Number of Active NMDA-Receptors Per Cell
To avoid white blood cell contamination, blood samples were filtered thought 1:1 α-cellulose and crystalline cellulose (Sigma-Aldrich, St. Louis, MO, USA). Then RBC concentration was adjusted to 20% HCT by buffer C and cells were incubated with the NMDA receptor channel blocker [3H]MK-801 5 μL/mL of sample (stock solution of 5 × 10−7 mmol/mL, specific activity of 20 Ci/mmol, PerkinElmer, Waltham, MA, USA, #NET972001MC) for 1 h. Subsequently RBCs were washed in buffer C supplemented with 0.1% BSA for three times (3,000 g, 5 min) and the final volume of RBC mass was determined as hematocrit. Next, one part of packed cells was mixed with 30 parts of lysis buffer (25 mM NaH2PO4 and 1 mM EDTA, pH 7.0) and incubated on ice for 30 min. RBC membranes were precipitated (45,000 g, 30 min at 4°C) and the amount of [3H]MK-801 molecules bound to NMDA receptors was assessed using Packard 1600 TR liquid scintillation analyzer (PerkinElmer, Waltham, MA, USA). The quantity of NMDA receptors per cell was calculated as described elsewhere (Makhro et al., 2013).
Measurements of Metabolic Activity and Glycolytic Enzymes' Activity
For ATP and GSH measurements a 200 μL blood sample was mixed with 800 μL 5% trichloroacetic acid and frozen in liquid N2 until the GSH and ATP measurements were performed. Defrosted samples were then centrifuged at 16,000 g for 10 min, pellet discarded and the concentration of reduced and oxidized glutathione was detected in the supernatant as described elsewhere (Tietze, 1969; Bogdanova et al., 2003). ATP content was measured in the supernatant after pH adjustment by saturated TRIS solution with an Adenosine 5′- triphosphate (ATP) Bioluminescent Assay Kit for ATP quantitation (Sigma-Aldrich, St. Louis, MO, USA). For measurements of enzymatic activity RBCs were isolated by using an α-cellulose column and stabilized in a β-mercapto-ethanol solution. Hexokinase (HK), glucose-6-phosphate dehydrogenase (G6PD), phosphofructokinase (PFK), and pyruvate kinase (PK) activities were measured according to standardized operating procedures (Beutler et al., 1977).
Measurements of Hemoglobin O2 Affinity, pO250
Hemoglobin affinity was measured using a Hemox analyzer (TCS Scientific, New Hope, PA, USA). Fifteen microliters of blood were suspended in 5 mL of plasma-like buffer C in a Hemox cuvette. After temperature adjustment oxygen was displaced by N2 gas from ~150 to 1 mm Hg oxygen pressure for 5 min. P50 was automatically calculated from the resulting hemoglobin affinity curve.
In order to assess the impact of ions and Ca2+ chelators in standard anticoagulants' mixtures on the plasma pH, free Ca2+ as well as Na+ and K+ levels in plasma and RBCs, the aqueous non-buffered solutions of 1.8 mM CaCl2 were fed into the standard CPDA-, heparin,- and EDTA-filled vacutainers. pH and Ca2+ of the resulting anticoagulant-supplemented mixture was assessed using sensors of ABL700 blood analyzer. As follows from Table 1, both CPDA and EDTA contributed to the significant acidification of the solution and reduction in free Ca2+ ion availability to the edge of detection limit or below. However, the pH-buffer capacity of RBCs is sufficient to completely buffer the pH change induced by EGTA (Figure 9, bottom, right, green square), but not the one induced by CPDA (Figure 9, bottom, middle, green square). Usage of heparin had no impact on the pH levels in the solution and reduced free Ca2+ levels in it by 0.2 mM.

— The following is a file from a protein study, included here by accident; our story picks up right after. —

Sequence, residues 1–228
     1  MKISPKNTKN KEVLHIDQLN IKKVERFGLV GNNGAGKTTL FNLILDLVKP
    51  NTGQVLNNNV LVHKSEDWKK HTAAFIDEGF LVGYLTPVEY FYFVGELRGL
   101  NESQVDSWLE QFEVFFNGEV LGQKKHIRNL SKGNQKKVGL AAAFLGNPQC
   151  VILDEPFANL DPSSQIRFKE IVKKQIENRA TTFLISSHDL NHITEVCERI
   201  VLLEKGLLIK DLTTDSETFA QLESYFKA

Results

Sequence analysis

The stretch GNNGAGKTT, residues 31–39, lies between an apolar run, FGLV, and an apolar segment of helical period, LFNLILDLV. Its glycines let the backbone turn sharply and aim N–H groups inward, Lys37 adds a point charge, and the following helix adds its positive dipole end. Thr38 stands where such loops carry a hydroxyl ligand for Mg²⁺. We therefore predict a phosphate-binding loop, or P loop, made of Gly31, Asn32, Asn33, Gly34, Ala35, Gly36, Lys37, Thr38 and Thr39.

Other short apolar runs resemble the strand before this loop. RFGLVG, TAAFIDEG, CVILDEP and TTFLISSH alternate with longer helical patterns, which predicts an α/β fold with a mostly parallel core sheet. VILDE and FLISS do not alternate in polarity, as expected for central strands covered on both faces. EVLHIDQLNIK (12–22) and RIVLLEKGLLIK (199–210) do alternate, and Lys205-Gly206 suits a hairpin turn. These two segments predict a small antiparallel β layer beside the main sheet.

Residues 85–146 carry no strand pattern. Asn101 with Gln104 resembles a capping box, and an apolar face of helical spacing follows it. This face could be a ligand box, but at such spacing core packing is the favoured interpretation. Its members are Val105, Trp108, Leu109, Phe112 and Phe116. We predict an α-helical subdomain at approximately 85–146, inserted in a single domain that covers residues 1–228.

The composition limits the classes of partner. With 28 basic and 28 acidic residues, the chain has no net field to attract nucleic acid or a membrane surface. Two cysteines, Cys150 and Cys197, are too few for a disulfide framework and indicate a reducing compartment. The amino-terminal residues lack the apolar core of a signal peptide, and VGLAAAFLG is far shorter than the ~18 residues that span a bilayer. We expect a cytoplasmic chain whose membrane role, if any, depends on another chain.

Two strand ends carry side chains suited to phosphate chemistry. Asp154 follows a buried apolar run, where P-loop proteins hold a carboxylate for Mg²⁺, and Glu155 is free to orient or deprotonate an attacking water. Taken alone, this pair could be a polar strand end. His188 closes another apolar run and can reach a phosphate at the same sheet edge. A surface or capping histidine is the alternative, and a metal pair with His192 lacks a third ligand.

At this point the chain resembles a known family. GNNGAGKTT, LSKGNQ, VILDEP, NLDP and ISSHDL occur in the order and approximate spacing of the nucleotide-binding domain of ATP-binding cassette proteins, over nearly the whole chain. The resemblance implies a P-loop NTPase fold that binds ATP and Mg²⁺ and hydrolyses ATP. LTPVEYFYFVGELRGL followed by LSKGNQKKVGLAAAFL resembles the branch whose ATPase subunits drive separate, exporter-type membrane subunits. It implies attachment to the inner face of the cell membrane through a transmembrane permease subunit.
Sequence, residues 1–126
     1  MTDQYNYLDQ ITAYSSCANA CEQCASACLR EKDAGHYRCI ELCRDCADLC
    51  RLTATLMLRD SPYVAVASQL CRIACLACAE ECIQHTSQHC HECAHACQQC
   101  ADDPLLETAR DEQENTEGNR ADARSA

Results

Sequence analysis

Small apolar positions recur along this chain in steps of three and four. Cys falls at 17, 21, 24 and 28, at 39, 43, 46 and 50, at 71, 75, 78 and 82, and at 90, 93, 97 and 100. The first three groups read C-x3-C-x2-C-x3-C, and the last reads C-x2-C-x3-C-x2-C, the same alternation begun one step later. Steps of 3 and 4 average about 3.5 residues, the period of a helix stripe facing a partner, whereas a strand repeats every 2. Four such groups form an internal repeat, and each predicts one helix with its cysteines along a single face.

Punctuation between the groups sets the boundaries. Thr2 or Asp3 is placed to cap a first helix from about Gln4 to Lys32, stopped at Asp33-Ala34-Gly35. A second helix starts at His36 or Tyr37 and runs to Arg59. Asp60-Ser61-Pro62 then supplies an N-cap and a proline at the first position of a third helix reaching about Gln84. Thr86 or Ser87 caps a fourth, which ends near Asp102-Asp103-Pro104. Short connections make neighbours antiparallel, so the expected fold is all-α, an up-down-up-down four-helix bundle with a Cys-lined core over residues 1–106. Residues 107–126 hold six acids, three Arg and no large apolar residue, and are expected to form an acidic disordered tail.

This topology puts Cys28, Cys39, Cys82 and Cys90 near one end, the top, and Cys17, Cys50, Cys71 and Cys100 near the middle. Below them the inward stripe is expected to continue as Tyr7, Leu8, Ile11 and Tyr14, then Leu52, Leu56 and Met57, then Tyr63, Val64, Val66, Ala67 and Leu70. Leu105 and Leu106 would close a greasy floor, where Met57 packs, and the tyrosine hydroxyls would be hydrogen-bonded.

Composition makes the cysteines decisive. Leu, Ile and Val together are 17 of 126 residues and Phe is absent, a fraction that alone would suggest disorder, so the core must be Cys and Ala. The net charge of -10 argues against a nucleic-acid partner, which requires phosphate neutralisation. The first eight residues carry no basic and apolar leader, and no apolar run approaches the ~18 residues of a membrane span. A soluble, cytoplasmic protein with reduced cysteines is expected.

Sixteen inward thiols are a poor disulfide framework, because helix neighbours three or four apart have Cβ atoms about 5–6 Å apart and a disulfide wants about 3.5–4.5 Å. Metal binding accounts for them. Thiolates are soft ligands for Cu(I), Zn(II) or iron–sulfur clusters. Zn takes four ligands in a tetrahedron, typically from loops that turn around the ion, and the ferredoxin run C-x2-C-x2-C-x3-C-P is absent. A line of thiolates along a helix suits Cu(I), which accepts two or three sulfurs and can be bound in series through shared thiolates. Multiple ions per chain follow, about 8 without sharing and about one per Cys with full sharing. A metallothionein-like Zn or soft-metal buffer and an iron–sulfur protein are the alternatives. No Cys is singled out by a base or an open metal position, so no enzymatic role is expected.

Table 1. pH-values and Ca2+-concentrations obtained for aqueous solution of 1.8 mM CaCl2 filling the vacutainers.
Correction should be performed when plasma Na+ and K+ content is assessed in any of the anti-coagulants. Usage of EDTA introduces 17.43 ± 0.39 mM K+ within the 10 mL vacutainer whereas using standard 10 mL CPDA- as well as heparin vacutainers results in the immediate supplementation of 40.73 ± 0.22 or 0.43 ± 0.03 mM Na+ to the blood plasma. Furthermore, CPDA vacutainers contain extra liquid and a dilution coefficient has to be applied to correct for it.
Complete Blood Count (CBC)
Due to well established procedures and instructions of device manufacturers CBC was exclusively performed using EDTA, because it is a widely accepted standard condition applied in a number of previous transportation studies (e.g., Lombardi et al., 2011; Ashenden et al., 2012). Figure 1 summarizes the data on the changes in the RBC count, Hb, HCT, MCV, MCH, MCHC, and reticulocyte counts (RC) in the course of transportation. Measurements were performed in two independent laboratories using two standard devices ADVIA 2120 cell analyzer and Cell-dyn Sapphire. All RBC indices were consistent (no significant difference) when assessed by both analyzers (Figure 1A) except for the RC (Figure 1B). RBC count and Hb did not change significantly within 72 h of simulated transportation at either temperature tested, whereas HCT, MCV, and MCHC were only stable at 4°C (n = 6 donors for all parameters). Shipment at room temperature was associated with RBC swelling (Figure 1A). Figure 1B provides readouts for the RC obtained with ADVIA 2120 and Cell-Dyn Sapphire analyzers. The measurements with the ADVIA 2120 cell analyzer indicated a clear decline over time, which was more pronounced at 22°C and could be explained by reticulocyte maturation. In contrast, the Cell-Dyn Sapphire did not detect significant changes in RC over time regardless of the temperature. We were not the first to observe differences in RC readouts between the blood analyzers. Such discrepancies associated with the usage of different analysis equipment were reported earlier (Lombardi et al., 2011; see also Section Discussion).